Consuming a refreshing beverage requires very little mental exertion. Simply scan the countless brands and flavors available at your local store, purchase a variety that sounds appealing, open it up and finally glug-glug-glug. Ah, how sweet it is… Are you kidding? Things aren’t nearly as cut and dry anymore. These days, in addition to having access to seemingly countless types of thirst quenchers, we also have the option of selecting organically produced versions and some that are even packaged in BPA-free containers (which is ideal for those eager to limit their exposure to hormone-altering chemicals). Decisions, decisions. Let’s say you favor milk and juice. If you typically purchase both items in half-gallon quantities, you will most likely end up placing gable-top, polyethylene-coated paper cartons in your shopping cart. Upon polishing them off, you’ll then rinse out the containers (they’re paper, after all!) before slam-dunking them in your household recycling collection bin. Um, apparently that’s not what happens at all. According to the EPA’s municipal waste stream statistics for 2008, at least in the case of milk cartons, 490,000 tons were produced, but a mere 0.05% of them (the equivalent of just 5,000 tons) were actually recycled. That seems rather odd, doesn’t it? Given the fact that they are made with totally recyclable paper, and many major milk brands even emblazon the words “Please Recycle!” on the side of the container, clearly there must be a missing link. Bingo.


The biggest obstacles?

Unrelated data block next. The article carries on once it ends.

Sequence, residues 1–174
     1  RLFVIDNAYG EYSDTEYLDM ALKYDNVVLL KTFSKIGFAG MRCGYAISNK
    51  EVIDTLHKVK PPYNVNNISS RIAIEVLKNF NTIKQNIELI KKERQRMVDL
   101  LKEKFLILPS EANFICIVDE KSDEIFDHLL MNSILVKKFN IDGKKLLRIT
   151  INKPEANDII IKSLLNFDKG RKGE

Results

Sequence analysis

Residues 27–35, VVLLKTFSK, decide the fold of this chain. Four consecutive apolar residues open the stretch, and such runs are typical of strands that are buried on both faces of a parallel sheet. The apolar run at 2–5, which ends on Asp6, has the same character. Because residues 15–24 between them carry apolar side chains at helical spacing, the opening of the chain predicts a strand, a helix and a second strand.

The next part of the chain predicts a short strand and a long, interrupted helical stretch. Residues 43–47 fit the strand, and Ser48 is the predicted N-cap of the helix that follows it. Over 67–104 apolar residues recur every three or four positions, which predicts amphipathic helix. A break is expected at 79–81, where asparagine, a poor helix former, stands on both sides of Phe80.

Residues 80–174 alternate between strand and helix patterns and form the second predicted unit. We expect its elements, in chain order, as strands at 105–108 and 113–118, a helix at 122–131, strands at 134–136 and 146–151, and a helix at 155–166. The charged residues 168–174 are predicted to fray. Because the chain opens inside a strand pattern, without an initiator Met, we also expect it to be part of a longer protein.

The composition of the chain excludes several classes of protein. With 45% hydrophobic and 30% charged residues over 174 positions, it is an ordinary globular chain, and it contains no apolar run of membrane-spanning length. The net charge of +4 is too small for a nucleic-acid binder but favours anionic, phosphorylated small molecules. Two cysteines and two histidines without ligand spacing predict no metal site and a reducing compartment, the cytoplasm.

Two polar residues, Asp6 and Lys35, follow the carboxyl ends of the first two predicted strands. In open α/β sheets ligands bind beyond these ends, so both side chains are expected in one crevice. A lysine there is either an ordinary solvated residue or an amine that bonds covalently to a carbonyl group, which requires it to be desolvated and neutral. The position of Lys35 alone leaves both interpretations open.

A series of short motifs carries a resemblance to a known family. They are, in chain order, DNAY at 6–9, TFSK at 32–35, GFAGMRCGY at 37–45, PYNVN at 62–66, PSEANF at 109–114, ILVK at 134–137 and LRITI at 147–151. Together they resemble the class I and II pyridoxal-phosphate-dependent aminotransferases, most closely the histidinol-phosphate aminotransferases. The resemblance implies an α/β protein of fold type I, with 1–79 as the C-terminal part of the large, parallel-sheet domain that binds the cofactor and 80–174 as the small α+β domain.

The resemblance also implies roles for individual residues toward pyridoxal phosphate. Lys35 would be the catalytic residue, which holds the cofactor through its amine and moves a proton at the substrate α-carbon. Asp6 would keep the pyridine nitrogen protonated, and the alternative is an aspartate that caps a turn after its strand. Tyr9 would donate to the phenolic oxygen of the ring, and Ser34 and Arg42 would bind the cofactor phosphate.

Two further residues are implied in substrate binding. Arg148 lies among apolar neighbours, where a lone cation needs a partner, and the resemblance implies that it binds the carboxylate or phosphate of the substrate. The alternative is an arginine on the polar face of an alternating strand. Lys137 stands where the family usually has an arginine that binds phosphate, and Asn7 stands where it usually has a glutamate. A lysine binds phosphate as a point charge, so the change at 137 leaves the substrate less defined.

• Very few municipalities have established processing centers devoted solely to recycling poly-coated paper beverage containers.
  • Minimal recycling volume results in negligible profit for municipalities, which makes the whole process rather unappealing.
  • Consumers rarely take the time to wash containers out, causing residual milk to go bad. The bacterial and mold residues then compromise the integrity of the containers, prompting them to partially decompose.
There is an intriguing option, however. On an annual basis, The ReWall Company shreds approximately 2 million tons of post-consumer polyethylene-coated paper cartons in order to transform the reclaimed material into eco-friendly, water-resistant building panels that can be used for everything from floor, countertop and tile substrate to wall boards, roof sheathing and decorative panels. Upon rough-cutting reclaimed cartons obtained from municipal, commercial and industrial waste supplies, the material is heated and compressed into a solid sheet without the use of water, chemicals or glue. Thanks to the inclusion of the exterior polyethylene coating, which composes 20% of the typical beverage carton, the final recycled paperboard sheet produced by the Des Moines, IA-based company is bestowed with moisture-resistant qualities — a huge plus for construction applications. Visual evidence of the final product’s humble origins can be seen in Rewall’s 1/2” x 4’ x 8’ NakedBoard, which is flecked with random bits of inked text obtained directly from countless beverage containers. For those who prefer a more uniform exterior, the company’s 1/2” x 4’ x 3’ EssentialBoard, composed of the very same recycled material, is simply just ensconced within a solid sheet of paper. As for the eco-friendly properties of ReWall’s unique product, the acoustic and mechanically sound VOC-free material offers an ideal alternative to conventional oscillated strand board or plyboard (both of which are often made with virgin wood). Furthermore, compared to the mainstream gypsum/drywall manufacturing process, NakedBoard and EssentialBoard each utilize 86% less energy overall. At the beginning of 2012, ReWall was recycling approximately 100 tons of polyethylene-coated paper cartons every month, but currently, that figure is closer to 300 tons. Seems like their beverage-container-turned-recycled-building product is really catching on! Let’s all raise a tall glass of milk to ReWall’s innovative efforts, which are poised to make a significant dent in what was until recently one of the most persistently perplexing post-consumer waste materials around.